“Oh gooowd, but he naked!”

Posted in Sex in Caribbean Art by Adele Todd on August 19, 2007

This was the refrain of the citizenry as Peter Samuel danced onto the Savannah stage in 1981. In the Minshall portrayal, The Sacred and the Profane, and no, Mr. Samual’s perceived nudity was not, ‘the profane.”

The Sacred and the Profane

The Sacred and the Profane He was wearing a flesh coloured bodysuit that was hand painted to reflect every suggested muscle in his body. He represented Adam in the garden of Eden as he reaches for the apple. Peter Minshall had placed his mas man at the centre of the costume, with the snake curled around him, fanning out to the apple tree. As costumes go it was spectacular and as this entry shows, it was also a spectacle. People were amazed by what they saw. Was he naked or not? Here was handsome, muscled Peter Samuel having absolutely no shame. “ But yuh could see he tootee! Hee Hee!”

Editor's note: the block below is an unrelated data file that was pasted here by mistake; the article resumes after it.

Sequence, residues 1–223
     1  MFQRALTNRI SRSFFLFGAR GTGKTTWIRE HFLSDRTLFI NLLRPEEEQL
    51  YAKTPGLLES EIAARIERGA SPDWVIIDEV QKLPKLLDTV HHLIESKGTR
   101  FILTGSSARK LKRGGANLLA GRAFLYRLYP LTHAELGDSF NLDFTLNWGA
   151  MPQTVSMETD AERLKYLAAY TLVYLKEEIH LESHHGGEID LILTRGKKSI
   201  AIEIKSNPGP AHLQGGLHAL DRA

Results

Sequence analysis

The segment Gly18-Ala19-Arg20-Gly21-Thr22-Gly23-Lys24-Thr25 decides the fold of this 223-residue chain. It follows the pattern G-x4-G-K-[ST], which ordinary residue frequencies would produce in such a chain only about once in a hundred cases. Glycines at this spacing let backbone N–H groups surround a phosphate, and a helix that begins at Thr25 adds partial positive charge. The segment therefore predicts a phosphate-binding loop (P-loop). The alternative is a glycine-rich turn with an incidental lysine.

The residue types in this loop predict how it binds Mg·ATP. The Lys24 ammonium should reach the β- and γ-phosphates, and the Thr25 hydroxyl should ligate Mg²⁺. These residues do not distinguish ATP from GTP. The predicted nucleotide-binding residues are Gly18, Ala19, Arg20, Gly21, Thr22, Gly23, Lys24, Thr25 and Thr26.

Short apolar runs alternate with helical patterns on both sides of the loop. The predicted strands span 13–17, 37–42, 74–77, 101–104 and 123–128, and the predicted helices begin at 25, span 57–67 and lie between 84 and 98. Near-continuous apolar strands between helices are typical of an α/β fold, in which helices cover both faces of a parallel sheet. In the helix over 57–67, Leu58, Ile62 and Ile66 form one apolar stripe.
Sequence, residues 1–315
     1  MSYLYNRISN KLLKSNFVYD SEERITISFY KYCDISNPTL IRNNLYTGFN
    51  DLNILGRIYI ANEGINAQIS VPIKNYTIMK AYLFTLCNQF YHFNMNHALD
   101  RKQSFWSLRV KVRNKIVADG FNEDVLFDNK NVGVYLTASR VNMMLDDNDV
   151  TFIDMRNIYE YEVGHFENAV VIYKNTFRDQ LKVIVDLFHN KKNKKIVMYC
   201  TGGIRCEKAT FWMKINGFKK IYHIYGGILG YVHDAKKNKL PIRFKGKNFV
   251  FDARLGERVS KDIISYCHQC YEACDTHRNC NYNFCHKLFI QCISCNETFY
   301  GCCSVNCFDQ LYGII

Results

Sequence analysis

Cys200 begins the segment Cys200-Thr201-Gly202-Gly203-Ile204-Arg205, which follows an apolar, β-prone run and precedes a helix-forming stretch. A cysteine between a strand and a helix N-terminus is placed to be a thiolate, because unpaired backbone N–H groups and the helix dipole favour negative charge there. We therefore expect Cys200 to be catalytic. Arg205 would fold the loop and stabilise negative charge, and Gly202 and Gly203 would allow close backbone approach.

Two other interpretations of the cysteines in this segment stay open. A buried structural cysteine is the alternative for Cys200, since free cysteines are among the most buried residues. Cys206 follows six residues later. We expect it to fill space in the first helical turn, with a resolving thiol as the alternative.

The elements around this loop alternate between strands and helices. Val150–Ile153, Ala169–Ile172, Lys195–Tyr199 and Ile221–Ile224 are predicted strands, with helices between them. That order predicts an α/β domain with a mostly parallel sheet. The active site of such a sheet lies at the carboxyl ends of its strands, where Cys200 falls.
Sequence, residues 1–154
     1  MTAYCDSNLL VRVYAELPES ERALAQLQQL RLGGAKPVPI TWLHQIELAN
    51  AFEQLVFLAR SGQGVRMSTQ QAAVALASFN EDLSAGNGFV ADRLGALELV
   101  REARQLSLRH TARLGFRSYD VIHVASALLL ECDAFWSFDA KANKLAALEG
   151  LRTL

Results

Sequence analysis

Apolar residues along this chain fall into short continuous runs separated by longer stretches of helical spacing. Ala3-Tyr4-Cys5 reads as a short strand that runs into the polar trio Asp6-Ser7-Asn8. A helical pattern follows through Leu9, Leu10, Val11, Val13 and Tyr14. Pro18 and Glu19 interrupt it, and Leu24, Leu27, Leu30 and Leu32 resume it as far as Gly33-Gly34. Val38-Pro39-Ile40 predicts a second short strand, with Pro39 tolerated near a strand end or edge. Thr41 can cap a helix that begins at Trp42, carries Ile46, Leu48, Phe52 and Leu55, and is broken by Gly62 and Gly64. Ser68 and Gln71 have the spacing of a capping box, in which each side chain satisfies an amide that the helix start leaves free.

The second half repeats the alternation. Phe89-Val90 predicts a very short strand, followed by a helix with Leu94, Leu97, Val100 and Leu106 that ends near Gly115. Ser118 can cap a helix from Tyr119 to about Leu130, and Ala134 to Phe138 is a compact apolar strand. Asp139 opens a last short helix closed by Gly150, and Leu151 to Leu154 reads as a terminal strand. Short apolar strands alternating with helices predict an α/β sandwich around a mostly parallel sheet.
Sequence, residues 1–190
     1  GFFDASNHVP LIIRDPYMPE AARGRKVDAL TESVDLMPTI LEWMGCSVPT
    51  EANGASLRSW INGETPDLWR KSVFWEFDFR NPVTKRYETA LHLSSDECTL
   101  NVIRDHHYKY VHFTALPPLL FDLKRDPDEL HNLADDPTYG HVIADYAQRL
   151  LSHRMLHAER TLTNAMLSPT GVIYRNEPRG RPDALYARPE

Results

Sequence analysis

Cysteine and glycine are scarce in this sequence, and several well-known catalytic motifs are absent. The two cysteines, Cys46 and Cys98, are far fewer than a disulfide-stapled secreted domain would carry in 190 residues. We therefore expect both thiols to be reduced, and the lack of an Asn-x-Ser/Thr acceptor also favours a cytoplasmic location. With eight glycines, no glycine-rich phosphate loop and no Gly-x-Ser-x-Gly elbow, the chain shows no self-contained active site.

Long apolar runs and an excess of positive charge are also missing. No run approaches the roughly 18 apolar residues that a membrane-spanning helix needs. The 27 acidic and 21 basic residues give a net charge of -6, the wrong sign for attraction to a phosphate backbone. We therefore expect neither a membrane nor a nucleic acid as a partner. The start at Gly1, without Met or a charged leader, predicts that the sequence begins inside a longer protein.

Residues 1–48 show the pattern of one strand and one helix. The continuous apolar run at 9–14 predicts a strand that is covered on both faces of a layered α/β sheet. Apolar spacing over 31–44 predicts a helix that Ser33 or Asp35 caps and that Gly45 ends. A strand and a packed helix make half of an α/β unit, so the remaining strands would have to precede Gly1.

It was a moment in mas that shall possibly never be repeated, and it was a moment in art when a mas man was elevated to a God.


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